South Bay cities, Port of San Diego slap feds with lawsuit for failure to contain sewage from Tijuana
South Bay elected officials are filing a lawsuit Friday to force the federal government to plug up the millions of gallons of sewage and polluted water that routinely stream over the border from Tijuana into the San Diego region.
The cities of Imperial Beach and Chula Vista, as well as the Port of San Diego are suing the U.S. side of the International Boundary and Water Commission, or IBWC, alleging violations of the Clean Water Act and Resource Conservation and Recovery Act.
The move comes amid rising tensions in recent months between local authorities and the IBWC — which oversees water treaties with Mexico and provides funding for infrastructure projects along the border.
“We gave them a good faith effort to do the right thing, and they choose to do what they’ve always done, which is nothing and deny the problem,” said Imperial Beach Mayor Serge Dedina, who spearheaded efforts to address the issue after a massive spill in 2017 fouled beaches as far north as Coronado.
The IBWC declined comment, citing a policy of not discussing ongoing litigation.
In anticipation of the lawsuit, the Environment and Natural Resources Division of the U.S. Department of Justice responded in writing on Thursday to regional officials, saying it had little authority over the funding needed to carry out projects that could help divert the cross-border pollution.
“U.S. IBWC funding requests must go through the State Department … to be considered for inclusion in the President’s annual budget, and ultimately are subject to an appropriation by Congress and apportionment. … There are, of course, many competing demands on the executive branch’s annual budget.”
The lawsuit alleges that the agency hasn’t taken sufficient steps to control sewage, industrial waste, pesticides and massive amounts of trash that regularly flow through the Tijuana River and into the Pacific Ocean.
As a result, sections of the Imperial Beach shoreline were closed for more than 160 days in both 2017 and 2016, as well as for more than 200 days in 2015, according to the complaint.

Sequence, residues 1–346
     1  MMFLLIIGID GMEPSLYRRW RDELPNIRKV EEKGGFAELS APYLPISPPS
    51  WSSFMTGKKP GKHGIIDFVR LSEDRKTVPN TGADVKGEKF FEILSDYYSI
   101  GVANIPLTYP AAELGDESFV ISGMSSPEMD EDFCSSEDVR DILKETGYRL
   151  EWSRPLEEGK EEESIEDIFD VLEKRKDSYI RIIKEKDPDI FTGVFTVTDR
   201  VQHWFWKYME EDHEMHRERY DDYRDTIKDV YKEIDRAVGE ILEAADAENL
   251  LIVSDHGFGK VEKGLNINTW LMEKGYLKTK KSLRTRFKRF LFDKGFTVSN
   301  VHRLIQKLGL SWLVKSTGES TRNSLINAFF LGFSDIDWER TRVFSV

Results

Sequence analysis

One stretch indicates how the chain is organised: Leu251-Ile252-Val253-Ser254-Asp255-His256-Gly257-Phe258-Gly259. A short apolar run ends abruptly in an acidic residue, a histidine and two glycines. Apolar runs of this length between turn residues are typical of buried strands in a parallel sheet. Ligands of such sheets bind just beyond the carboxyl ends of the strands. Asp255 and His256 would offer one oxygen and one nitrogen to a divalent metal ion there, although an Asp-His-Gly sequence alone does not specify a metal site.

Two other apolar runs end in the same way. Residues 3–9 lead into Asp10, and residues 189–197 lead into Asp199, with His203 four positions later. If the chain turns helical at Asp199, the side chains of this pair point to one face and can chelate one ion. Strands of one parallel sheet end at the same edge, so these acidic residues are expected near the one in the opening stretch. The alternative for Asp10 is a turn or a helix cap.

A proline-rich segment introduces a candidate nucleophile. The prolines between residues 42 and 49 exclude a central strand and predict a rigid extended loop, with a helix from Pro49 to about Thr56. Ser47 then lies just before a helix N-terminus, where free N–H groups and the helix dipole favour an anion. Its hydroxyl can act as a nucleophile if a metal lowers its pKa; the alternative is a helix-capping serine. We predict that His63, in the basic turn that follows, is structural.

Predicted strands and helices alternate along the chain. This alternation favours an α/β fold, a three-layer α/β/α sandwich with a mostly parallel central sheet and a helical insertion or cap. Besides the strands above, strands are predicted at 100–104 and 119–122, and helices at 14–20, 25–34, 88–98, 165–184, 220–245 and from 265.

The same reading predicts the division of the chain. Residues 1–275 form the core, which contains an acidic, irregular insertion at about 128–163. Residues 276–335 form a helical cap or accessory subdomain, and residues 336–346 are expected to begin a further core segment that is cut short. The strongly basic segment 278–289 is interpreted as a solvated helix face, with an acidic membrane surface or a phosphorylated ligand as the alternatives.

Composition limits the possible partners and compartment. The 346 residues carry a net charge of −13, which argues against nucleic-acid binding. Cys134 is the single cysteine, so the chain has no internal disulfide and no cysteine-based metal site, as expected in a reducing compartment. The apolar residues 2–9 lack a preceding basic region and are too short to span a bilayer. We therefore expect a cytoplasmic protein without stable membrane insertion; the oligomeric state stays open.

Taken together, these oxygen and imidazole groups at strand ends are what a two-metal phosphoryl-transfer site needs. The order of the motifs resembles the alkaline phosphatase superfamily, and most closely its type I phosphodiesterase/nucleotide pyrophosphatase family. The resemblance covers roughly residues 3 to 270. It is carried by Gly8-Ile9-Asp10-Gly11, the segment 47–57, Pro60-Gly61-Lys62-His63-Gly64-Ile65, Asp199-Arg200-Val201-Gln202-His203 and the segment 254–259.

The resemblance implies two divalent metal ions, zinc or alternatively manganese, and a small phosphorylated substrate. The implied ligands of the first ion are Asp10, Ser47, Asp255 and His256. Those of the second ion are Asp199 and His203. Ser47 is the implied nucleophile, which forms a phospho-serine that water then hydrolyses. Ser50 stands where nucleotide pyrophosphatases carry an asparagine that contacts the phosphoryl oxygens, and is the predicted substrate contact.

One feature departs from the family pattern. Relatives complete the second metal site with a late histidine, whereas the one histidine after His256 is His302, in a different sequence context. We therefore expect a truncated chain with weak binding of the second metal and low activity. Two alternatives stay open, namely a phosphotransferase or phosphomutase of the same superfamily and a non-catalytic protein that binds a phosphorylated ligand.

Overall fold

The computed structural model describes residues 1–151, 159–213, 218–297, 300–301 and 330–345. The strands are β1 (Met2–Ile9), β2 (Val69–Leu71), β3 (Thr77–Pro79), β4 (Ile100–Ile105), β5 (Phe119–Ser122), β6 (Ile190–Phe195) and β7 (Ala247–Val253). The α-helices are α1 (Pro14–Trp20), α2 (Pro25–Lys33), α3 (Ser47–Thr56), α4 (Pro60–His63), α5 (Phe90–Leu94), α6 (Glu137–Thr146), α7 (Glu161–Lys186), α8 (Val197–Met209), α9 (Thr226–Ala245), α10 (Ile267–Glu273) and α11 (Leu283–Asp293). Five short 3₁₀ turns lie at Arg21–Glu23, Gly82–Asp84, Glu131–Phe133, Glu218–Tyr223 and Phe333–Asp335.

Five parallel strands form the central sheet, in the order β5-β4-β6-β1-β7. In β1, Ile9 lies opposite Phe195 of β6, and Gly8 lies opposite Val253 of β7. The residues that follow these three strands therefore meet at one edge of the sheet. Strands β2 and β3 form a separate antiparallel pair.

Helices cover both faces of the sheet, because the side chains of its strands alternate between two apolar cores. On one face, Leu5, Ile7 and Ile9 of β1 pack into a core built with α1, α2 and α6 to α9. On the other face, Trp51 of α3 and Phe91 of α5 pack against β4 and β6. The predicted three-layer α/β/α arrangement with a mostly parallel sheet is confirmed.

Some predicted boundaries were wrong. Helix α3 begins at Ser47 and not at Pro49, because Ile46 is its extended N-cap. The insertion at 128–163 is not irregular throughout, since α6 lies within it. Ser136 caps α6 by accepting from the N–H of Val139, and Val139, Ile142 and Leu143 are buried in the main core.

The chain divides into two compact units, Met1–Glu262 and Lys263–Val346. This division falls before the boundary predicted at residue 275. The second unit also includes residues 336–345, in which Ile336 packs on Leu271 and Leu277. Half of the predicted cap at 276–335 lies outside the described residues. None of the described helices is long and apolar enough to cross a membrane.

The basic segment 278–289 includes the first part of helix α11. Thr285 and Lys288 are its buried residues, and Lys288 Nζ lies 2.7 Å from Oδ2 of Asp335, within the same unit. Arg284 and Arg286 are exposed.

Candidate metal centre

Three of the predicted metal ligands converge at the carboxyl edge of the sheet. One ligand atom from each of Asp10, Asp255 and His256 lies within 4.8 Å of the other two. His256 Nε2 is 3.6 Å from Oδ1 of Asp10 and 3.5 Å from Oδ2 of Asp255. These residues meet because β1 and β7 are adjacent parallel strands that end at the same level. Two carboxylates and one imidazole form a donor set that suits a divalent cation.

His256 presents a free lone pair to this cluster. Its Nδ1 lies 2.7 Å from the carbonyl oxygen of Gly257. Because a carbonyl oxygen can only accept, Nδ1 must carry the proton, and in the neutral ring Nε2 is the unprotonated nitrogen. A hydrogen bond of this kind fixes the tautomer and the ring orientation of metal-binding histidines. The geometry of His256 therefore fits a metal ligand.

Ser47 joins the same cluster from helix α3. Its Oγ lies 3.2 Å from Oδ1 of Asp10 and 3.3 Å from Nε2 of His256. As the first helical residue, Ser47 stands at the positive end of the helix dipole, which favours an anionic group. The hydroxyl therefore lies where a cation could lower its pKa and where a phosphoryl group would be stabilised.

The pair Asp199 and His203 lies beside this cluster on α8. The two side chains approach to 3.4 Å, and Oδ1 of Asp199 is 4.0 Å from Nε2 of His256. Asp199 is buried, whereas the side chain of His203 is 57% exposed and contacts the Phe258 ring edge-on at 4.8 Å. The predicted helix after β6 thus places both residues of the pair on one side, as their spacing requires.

The plaintiffs filed an intent to sue the IBWC in September, triggering a 60-day waiting period to file litigation in order to give the federal agency time to respond to local concerns.
A month later, the county and city of San Diego also signed on to the legal strategy, but neither party has followed through and joined the lawsuit yet. Officials did not immediately respond to inquiries about their decision to sit out the court battle.
In December, IBWC held a meeting with local officials to discuss the issue. The San Diego County Regional Water Quality Control Board and others called for building a number of projects to address the water pollution, including infrastructure to divert flows from the Tijuana River to the nearby International Wastewater Treatment Plant located west of San Ysidro.
The regional water board also has called for improving wastewater capture in the canyons west of the Tijuana River, where border patrol officers have increasingly complained of having to track down illegal crossers in polluted mud and water.
“I was in the meeting with IBWC, and really what it came down to is they wanted to study the problem further and get a working group together,” said Port Commissioner Dan Malcolm. “That’s not a reasonable response. We have a duty to the public as environmental stewards.”
The Department of Justice letter noted that several of the projects called for by the plaintiffs were undergoing feasibility studies to — along with technical analysis — identify funding sources in both the U.S. and Mexico.
“Their response is that the status quo will eventually solve these things, even if it would take 20 years,” said Dave Gibson, executive officer of the regional water board.
Before the two countries spent billions of dollars decades ago to construct treatment plants on both sides of the border, around 10 million gallons of raw sewage a day flowed down the Tijuana River and into San Diego County.
The local Border Patrol union has said it’s considering filing its own lawsuit, claiming that its members have come down with respiratory problems and other illnesses because of the pollution.
Smith writes for the San Diego Union-Tribune.
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